For example, a 2011 Brookings Institution report concludes that the education level of the mother is a more powerful predictor of student performance than family income.  Other major research studies find that the overall effect of family income on academic achievement is negligible.  In fact, Peterson identifies compelling evidence that single-parent households, not income inequality, precipitated the achievement gap between low-income and middle/high-income students.

Peterson also questions why the massive expansion of social services, health services, and preschool education failed to close the achievement gap.  Ladd argues that the gap in reading achievement is larger for kids born in 2011 than those born 1940 because low-income families now have limited access to quality schooling, health care, and educational programs.  Peterson points out that one would expect larger gaps to exist before President Johnson's War on Poverty than after.  If Ladd's argument is correct, the introduction of Medicaid, Head Start, and the like should have improved educational outcomes for low-income children, not widened the gap between them and their wealthier classmates.

Ladd and Peterson present compelling cases, and both will have much more to say about the research in coming months.  As the debate moves forward, beware of those who dismiss Peterson's essay for reasons independent of his arguments, and avoid those who claim that he is motivated by a hatred of poor kids or elitism.  It is easy to dismiss a point of view because it does not correspond to one's political ideology.  It is much more difficult to be receptive to the kinds of genuine disagreements that occur in the world of public policy research.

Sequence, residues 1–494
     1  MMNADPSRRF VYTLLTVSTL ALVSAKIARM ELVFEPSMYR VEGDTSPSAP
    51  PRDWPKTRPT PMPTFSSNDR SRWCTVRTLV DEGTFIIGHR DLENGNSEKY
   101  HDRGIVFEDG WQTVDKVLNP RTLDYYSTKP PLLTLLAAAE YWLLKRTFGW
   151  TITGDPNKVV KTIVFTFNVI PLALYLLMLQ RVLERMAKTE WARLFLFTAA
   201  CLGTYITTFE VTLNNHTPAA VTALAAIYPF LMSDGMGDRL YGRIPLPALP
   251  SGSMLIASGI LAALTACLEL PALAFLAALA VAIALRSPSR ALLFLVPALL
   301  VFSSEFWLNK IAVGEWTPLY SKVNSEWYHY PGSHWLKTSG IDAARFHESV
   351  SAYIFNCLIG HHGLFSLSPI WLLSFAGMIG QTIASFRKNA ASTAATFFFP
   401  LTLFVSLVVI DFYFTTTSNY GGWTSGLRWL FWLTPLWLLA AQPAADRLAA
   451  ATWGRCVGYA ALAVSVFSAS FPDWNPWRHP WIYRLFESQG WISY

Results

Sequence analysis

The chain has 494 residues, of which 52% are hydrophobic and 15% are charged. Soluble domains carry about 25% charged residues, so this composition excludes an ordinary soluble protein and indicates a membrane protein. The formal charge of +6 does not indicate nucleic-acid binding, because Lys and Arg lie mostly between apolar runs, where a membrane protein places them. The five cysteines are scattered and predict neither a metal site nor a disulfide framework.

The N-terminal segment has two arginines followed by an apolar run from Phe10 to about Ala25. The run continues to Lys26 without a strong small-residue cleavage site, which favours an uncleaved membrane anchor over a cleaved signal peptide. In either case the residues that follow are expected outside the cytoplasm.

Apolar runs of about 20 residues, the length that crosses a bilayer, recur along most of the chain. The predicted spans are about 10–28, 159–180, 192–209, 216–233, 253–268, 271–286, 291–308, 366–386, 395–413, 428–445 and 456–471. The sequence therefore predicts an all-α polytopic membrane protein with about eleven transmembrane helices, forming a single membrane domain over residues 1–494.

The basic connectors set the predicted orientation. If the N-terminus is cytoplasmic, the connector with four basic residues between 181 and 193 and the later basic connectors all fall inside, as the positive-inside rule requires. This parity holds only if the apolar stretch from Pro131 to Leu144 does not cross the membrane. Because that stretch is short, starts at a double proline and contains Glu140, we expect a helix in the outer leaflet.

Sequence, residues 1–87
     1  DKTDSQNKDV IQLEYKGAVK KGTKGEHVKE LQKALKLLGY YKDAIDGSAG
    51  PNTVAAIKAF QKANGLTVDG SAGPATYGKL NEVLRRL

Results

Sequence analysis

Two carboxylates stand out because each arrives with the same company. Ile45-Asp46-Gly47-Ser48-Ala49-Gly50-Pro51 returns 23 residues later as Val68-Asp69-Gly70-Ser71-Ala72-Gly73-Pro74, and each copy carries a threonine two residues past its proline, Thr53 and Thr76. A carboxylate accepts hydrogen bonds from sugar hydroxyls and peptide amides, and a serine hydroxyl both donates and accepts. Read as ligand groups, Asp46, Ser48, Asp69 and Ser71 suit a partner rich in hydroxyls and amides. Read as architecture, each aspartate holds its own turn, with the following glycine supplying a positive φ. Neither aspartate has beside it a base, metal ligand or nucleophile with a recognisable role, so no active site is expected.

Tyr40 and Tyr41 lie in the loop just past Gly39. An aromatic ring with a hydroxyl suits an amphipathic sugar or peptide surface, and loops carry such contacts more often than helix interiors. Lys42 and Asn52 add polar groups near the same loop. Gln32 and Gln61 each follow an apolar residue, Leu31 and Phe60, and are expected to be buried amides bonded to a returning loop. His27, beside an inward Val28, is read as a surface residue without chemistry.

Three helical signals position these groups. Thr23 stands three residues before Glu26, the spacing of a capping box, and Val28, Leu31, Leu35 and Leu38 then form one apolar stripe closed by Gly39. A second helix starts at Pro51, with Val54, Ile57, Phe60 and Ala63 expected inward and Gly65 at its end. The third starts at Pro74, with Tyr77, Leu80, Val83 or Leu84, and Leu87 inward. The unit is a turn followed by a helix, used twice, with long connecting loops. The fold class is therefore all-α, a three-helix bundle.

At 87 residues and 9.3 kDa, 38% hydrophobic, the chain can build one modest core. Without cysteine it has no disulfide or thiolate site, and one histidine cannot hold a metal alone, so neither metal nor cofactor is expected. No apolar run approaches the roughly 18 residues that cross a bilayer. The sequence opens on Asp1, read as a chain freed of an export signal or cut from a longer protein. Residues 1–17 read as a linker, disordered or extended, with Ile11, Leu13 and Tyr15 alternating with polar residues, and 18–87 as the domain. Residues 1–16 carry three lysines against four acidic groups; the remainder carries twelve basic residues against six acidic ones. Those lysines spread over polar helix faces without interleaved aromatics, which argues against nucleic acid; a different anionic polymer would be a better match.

Facts and Stats

Examples of policy interventions proposed by Helen Ladd in her "Education and Poverty: Confronting the Evidence" address:

  • Early childhood and pre-school programs
  • School based health clinics and social services
  • After school and summer programs
  • High quality schools for disadvantaged students

Random Thought

The word "squeegee" always brightens up my day.

Mailbag

I would like to invite all readers to submit announcements as well as their personal insights, anecdotes, concerns, and observations about the state of education in North Carolina.  I will publish selected submissions in future editions of the newsletter.  Anonymity will be honored.  For additional information or to send a submission, email Terry at tstoops@johnlocke.org.

Education Acronym of the Week

BBA - Broader, Bolder Approach to Education

Quote of the Week

"Key to Ladd's case is a graph that shows a correlation between family income and student achievement in 14 industrialized nations. To no one's surprise, that graph shows that in every country students who come from higher-income families score higher on math and reading tests. But is the connection causal? Do some students do better than others because their parents earn more money? Or are the parents who make a better living also the ones who do a better job of raising their children?"

- Paul Peterson, "Neither Broad Nor Bold," Education Next 12:3, Summer 2012, http://educationnext.org/neither-broad-nor-bold/.

Click here for the Education Update archive.

 

Upcoming Events

Tuesday, Mar. 13th, 2012 at 7:30 PM
2012 John William Pope Lecture
with our special guest Meghan L. O'Sullivan
"Making Sense of the New Middle East: The Dynamics and Their Implications for US Interests"

Saturday, Mar. 17th, 2012 at 9 a.m. - 3 p.m.
A Citizens' Constitutional Workshop in Morehead City, NC
with our special guests Dr. Troy Kickler & Dr. Michael Sanera
Workshop #2 in Morehead City: "What would the Federalists and Anti-federalists say about the current political and economic crises?"

Monday, Mar. 19th, 2012 at 12:00 pm Noon
A meeting of the Shaftesbury Society
with our special guest Professor Anthony J. Papalas
"The Fall of Greece, Keynesian Economics, and the European Union."

Monday, Mar. 26th, 2012 at 12:00 pm Noon
A meeting of the Shaftesbury Society
with our special guest Thomas Thibeault
Liberty’s Dogfaces

©2014 John Locke Foundation | 200 West Morgan St., Raleigh, NC 27601, (919) 828-3876